Sacred Strings Records Inc.
Pioneers of The Steel Guitar Tradition
Willie Claude Eason (1921 -2005) "The father of Sacred Steel Music".
Willie was the tenth child born to Henry and Addie Eason. Willie’s elder brother Troman taught him to read music at the urging of their Mother. He was known as “Little Willie and his talking guitar” because he developed his own style, playing single notes as he mimicked the African American singing voice.
Willie became a consummate performer and church musician playing a tremendous role in the formative years of the Keith dominion steel guitar tradition. He is responsible for placing the steel guitar in a position of central importance in Keith dominion church worship services.
Willie also traveled with the Gospel Feast Party at the request of Bishop J.R. Lockley. Eason was multi- talented playing steel guitar and the piano. Eason was a great business man, landlord, booking agent, and gospel concert promoter. Willie made seven 78 –rpm records; four on the Queen record label, two for Aladdin, and one on the Regent record label. He recorded with the Soul Stirrers Quartet group, and the Gospel Trumpeters. Willie died of pneumonia in St. Petersburg, Florida on June 16, 2005.
Henry was born in Ocala, Florida January 10, 1930. Henry’s first encounter with sacred steel guitar music was through Willie Eason, who later became Henry’s brother-in-law. Henry learned Willie’s style and began to add his own touch to it. His praise music became the foundation of what is considered by many to be true House of God praise music. Henry’s up- tempo, driving one chord style is what aroused the church congregations to a state of spiritual ecstasy.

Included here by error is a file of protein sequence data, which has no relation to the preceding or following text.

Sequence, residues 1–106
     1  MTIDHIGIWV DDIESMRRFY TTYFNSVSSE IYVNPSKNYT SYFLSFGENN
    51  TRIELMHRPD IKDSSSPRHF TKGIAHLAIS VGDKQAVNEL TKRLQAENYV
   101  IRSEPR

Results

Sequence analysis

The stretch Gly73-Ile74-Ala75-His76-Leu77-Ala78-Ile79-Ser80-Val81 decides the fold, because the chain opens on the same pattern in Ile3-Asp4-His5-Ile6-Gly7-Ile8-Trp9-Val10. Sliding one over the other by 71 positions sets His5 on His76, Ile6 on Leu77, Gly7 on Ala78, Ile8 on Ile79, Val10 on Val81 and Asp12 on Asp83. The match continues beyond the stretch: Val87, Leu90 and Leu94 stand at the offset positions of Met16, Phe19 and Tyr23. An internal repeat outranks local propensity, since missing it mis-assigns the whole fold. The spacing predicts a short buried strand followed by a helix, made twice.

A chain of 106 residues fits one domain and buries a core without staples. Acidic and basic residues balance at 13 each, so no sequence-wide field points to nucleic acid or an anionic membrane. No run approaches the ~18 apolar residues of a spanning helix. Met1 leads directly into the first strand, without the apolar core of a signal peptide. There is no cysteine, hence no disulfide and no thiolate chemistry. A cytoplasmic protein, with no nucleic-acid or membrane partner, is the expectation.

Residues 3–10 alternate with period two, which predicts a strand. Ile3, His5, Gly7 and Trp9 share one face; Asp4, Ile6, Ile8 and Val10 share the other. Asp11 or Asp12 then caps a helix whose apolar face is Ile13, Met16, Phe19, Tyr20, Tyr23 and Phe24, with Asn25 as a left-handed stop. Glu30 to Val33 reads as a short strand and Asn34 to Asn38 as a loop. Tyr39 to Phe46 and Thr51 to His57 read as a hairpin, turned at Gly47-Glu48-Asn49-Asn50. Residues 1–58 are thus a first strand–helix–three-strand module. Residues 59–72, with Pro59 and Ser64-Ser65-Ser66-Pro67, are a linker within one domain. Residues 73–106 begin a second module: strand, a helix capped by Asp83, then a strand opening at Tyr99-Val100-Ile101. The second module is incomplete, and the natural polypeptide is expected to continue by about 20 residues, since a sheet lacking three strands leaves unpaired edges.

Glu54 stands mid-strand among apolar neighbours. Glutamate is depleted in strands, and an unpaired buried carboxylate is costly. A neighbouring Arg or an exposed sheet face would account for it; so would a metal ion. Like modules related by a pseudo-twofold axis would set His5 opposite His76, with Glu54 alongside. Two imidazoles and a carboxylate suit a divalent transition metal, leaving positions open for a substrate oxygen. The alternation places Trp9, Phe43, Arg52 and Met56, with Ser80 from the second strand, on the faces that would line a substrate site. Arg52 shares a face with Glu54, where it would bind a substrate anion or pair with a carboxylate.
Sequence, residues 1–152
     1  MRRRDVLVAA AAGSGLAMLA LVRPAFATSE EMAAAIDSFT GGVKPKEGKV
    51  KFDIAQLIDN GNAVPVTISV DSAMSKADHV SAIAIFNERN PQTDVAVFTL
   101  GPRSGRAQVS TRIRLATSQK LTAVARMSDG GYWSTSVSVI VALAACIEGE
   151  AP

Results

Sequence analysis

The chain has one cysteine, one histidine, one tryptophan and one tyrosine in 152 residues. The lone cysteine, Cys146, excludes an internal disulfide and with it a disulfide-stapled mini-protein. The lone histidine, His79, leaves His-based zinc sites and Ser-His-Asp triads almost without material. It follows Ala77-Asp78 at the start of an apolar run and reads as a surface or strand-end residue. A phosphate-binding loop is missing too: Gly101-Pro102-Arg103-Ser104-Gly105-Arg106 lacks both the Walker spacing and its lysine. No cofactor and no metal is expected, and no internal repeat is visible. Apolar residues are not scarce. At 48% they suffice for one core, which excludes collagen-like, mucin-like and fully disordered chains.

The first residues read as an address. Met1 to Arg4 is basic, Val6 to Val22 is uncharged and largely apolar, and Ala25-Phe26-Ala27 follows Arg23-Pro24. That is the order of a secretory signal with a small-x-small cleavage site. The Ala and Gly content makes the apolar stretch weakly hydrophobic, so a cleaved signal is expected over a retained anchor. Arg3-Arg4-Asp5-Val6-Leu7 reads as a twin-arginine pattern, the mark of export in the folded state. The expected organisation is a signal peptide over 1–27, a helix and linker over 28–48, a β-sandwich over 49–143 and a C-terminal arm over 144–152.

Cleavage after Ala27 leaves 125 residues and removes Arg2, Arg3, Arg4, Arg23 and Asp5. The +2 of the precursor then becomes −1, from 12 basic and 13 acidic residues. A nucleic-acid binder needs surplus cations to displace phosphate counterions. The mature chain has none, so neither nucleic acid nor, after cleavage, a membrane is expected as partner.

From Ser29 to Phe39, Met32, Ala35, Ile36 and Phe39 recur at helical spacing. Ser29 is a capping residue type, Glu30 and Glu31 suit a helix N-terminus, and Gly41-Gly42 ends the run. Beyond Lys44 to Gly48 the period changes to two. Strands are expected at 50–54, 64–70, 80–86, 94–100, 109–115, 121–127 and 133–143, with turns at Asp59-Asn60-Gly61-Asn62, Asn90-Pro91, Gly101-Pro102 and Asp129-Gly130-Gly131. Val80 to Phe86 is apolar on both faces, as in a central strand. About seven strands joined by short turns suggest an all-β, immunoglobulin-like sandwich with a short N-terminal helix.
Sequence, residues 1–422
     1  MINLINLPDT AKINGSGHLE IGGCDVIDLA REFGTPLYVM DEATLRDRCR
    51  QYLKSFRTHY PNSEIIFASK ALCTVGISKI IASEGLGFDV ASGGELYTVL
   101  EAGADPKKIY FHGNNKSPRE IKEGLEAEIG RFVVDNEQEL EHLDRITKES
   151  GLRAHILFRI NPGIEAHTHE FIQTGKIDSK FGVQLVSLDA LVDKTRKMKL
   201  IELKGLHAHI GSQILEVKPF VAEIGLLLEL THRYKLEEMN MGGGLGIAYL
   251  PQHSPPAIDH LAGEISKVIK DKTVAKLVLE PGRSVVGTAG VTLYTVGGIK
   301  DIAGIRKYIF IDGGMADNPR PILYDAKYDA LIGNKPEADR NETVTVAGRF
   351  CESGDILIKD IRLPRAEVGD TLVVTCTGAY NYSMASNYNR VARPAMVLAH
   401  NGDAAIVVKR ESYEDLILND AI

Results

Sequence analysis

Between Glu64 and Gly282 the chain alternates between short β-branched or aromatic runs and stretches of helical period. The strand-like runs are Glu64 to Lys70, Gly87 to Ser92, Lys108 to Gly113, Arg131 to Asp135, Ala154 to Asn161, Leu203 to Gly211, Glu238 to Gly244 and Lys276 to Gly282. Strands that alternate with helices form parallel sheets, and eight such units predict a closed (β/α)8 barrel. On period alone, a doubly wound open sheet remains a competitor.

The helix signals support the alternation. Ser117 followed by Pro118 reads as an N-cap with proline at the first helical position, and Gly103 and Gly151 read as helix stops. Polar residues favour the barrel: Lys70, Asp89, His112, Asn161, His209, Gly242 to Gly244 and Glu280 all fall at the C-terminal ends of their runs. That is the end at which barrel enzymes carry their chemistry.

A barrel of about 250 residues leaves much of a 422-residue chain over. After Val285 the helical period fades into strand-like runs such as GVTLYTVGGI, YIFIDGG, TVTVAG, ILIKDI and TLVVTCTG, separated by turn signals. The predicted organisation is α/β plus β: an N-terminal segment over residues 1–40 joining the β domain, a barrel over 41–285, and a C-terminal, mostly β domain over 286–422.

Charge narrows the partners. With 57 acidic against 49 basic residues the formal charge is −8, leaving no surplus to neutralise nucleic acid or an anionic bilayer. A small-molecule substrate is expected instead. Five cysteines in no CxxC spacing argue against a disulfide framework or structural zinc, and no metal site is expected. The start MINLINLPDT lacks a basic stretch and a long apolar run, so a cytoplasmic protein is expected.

Henry enjoyed singing “Just a closer walk with thee” as he played his steel guitar while dazzling his audience in the process. He shared the stage with several gospel greats such as Rosetta Tharpe. Henry also played steel behind the legendary gospel great Mahalia Jackson, in New York at the Columbia recording studio. The song was titled “To me it’s so wonderful. He passed away April 8, 2001.
Lorenzo was born in Ocala, Florida, February 11, 1925 to Frank and Henrieta Harrison. He was the chief musician of the Jewell Dominion church for over forty years. His desire as a young man was to use his talent playing music for the Lord, while traveling with the Overseer, Bishop M.L. Jewell.
Lorenzo was influenced early in his music career by Willie Eason, Henry Nelson, and Fred Neal, just to name a few. He played his sacred steel guitar better known as Lorenzo’s Harp, with the skill of a surgeon often redefining what could be played on the instrument.
Using the Morley Wah Pedal, he created a sound and style of music never before heard in churches and changed the way most people perceived the steel guitar. People came from miles around to hear him play. Lorenzo traveled and recorded on the Nashboro Record label with the Jewell Gospel Trio playing the bass fiddle and steel guitar.
Bishop Lorenzo L. Harrison passed away in Indianapolis, Indiana December 26, 1986 and will be remembered as one of the greatest steel guitarist to ever grace the music world.